The real GDP is a quarterly statistic published by central banks. It represents the real, as opposed to nominal, value of the economy’s current output. This means it takes out the effect of inflation and thus allows us to focus on production. It is the most used economic indicator. When you see in the newspaper that GDP grew by 3% in the second quarter, they are talking about real GDP.

Real GDP is used to track the business cycle, forecast GDP in coming quarters, allow international comparisons of economic performance, and compare the economic richness of different nations.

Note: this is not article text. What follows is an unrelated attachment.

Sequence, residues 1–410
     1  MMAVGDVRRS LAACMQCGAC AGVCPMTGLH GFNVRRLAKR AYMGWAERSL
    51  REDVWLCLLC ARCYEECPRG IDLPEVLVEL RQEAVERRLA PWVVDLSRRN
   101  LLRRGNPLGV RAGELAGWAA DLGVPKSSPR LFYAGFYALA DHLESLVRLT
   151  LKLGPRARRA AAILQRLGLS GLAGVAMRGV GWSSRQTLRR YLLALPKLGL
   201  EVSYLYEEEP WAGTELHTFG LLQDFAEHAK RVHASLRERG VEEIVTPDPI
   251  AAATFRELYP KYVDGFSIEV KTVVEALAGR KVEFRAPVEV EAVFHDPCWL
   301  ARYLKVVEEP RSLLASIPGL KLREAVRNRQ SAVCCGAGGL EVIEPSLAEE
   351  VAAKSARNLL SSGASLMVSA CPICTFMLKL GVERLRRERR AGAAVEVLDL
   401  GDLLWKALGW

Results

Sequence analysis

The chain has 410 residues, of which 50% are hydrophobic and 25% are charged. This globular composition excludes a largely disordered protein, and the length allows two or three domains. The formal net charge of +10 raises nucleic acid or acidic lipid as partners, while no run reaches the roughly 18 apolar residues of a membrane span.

Real GDP = nominal GDP valued in the prices of the base year. Basically, this means you take the total amount of all goods and services produced and multiply them by their prices during the base year. The limitations of Real GDP as a measure are numerous. First of all, like nominal GDP, it assigns no value to household production (goods produced in homes and not formally sold) or the underground economy. Also, the GDP of a nation doesn’t take into account things like personal security, environmental cleanliness, or democracy. Lastly, it can give inaccurate results for international comparisons since the prices of identical commodities in different countries can be dramatically different.

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